How watching TV in lockdown can be good for you — according to science

Finally some good news!

Published March 7, 2021 9:00PM (EST)

Couple watches TV at home (Getty Images)
Couple watches TV at home (Getty Images)

This article was originally published on The Conversation.

It's easy to feel guilty when you're lazing around in front of the TV in your pajamas, eating ice cream straight out of the tub. But it's not an unusual activity in lockdown. The extended nature of the pandemic has turned attention to the impact that it is having on our collective mental health.

Many mental health organizations have proposed strategies to protect mental health, such as exercising, sleeping well and enjoying nature. This may make us assume that watching TV is ultimately bad for our mental wellbeing. But there is evidence to suggest that watching TV can also be good for us – if we go about it the right way.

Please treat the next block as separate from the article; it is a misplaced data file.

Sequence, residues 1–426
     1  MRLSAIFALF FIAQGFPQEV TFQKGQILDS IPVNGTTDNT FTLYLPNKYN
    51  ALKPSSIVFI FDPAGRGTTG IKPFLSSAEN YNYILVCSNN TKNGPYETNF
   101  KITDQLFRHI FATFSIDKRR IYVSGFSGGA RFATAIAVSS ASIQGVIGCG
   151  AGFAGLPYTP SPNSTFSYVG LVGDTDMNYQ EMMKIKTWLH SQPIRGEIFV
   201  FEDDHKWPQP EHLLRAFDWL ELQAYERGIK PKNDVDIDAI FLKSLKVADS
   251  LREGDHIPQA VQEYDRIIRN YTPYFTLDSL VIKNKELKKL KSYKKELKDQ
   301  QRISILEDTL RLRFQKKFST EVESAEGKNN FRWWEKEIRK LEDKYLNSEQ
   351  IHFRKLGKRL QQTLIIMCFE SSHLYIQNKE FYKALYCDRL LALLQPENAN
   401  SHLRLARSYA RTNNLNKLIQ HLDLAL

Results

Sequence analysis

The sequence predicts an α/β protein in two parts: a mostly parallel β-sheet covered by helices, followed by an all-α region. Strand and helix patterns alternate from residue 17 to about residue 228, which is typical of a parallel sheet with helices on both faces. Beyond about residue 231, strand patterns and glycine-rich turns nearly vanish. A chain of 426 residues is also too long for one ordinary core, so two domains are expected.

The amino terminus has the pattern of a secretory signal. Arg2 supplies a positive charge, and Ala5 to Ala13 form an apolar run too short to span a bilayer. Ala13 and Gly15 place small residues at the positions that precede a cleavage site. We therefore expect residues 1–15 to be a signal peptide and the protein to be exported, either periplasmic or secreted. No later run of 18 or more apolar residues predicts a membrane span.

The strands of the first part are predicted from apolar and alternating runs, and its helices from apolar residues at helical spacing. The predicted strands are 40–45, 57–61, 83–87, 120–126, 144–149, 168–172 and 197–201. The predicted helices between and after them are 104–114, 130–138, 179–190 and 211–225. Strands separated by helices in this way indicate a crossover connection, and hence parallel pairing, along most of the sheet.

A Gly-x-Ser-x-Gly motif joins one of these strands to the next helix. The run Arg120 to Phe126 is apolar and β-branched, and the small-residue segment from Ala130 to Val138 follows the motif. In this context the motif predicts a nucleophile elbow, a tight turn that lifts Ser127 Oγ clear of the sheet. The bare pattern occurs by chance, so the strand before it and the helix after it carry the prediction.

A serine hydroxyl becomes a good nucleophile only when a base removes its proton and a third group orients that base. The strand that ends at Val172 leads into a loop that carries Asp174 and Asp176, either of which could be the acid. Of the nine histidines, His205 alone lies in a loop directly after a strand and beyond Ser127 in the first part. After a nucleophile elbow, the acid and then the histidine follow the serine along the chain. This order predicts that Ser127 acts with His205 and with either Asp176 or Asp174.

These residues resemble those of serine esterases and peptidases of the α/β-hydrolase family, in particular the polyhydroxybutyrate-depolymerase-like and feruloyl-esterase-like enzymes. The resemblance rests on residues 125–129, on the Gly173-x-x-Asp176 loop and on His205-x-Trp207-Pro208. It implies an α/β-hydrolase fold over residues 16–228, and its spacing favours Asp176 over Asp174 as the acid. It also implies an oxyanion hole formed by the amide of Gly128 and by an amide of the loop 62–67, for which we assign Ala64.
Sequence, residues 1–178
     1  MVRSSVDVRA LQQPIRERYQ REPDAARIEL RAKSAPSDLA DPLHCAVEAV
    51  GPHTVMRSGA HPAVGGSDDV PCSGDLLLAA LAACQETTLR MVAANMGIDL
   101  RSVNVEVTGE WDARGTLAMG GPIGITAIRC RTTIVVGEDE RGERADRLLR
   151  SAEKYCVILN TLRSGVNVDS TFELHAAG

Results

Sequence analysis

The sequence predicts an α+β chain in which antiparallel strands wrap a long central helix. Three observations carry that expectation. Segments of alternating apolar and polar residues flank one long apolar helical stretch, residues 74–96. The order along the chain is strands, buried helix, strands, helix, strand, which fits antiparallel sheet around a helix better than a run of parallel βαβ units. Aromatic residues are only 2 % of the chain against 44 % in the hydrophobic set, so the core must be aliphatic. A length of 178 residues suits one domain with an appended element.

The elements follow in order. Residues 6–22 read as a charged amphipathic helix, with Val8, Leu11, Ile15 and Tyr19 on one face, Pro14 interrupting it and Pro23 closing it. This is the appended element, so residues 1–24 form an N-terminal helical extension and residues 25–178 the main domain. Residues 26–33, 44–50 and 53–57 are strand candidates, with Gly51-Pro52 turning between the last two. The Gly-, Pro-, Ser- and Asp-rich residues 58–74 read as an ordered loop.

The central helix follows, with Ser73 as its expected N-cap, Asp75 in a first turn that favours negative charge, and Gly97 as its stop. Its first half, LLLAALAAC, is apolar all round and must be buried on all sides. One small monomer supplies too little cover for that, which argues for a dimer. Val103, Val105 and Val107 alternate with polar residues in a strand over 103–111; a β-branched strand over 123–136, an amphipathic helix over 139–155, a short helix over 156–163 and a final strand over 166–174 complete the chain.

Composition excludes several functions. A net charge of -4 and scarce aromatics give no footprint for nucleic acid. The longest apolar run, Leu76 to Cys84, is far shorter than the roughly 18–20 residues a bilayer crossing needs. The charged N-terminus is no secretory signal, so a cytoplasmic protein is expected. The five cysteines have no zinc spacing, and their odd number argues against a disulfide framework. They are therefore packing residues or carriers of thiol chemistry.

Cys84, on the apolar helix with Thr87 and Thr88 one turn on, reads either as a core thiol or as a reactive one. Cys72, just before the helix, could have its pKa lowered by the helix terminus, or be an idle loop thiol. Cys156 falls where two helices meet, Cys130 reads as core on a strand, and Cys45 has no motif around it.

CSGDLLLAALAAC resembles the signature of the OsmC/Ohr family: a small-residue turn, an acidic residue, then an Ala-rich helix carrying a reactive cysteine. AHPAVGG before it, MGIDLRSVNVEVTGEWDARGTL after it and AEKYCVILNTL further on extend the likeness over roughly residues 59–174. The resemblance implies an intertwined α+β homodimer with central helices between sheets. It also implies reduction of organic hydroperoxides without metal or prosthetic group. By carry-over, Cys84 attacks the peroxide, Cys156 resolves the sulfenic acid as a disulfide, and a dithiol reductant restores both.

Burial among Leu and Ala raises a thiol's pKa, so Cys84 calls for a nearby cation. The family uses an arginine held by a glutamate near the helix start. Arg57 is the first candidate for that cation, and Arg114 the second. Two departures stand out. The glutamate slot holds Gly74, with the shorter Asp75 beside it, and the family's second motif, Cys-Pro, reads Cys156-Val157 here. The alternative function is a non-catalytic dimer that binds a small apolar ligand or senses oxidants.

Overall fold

In many parts of the world there has indeed been a reported surge in watching TV and online streaming during the pandemic. When told to stay at home during the first lockdown in the UK, for example, people watched an average of more than six hours of TV and online video content each day, a rise of about 30% compared to the previous year.

There has also been an increase in subscriptions to video streaming services, with almost 12 million people in the UK signing up for a new service during the lockdowns. Netflix now has more than 200 million subscribers worldwide.

The benefits of positive emotions

So how can TV support our wellbeing? We know that art can stir intense emotions. More often than not, we are drawn to musicals, podcasts, TV programs, films and other artistic productions because we want to experience strong emotions.

According to research by Martin Seligman, a leading positive psychology researcher at the University of Pennsylvania, experiencing positive emotions is one of the building blocks of our wellbeing. It would therefore make sense for us to watch more feelgood shows on TV to increase positive emotions.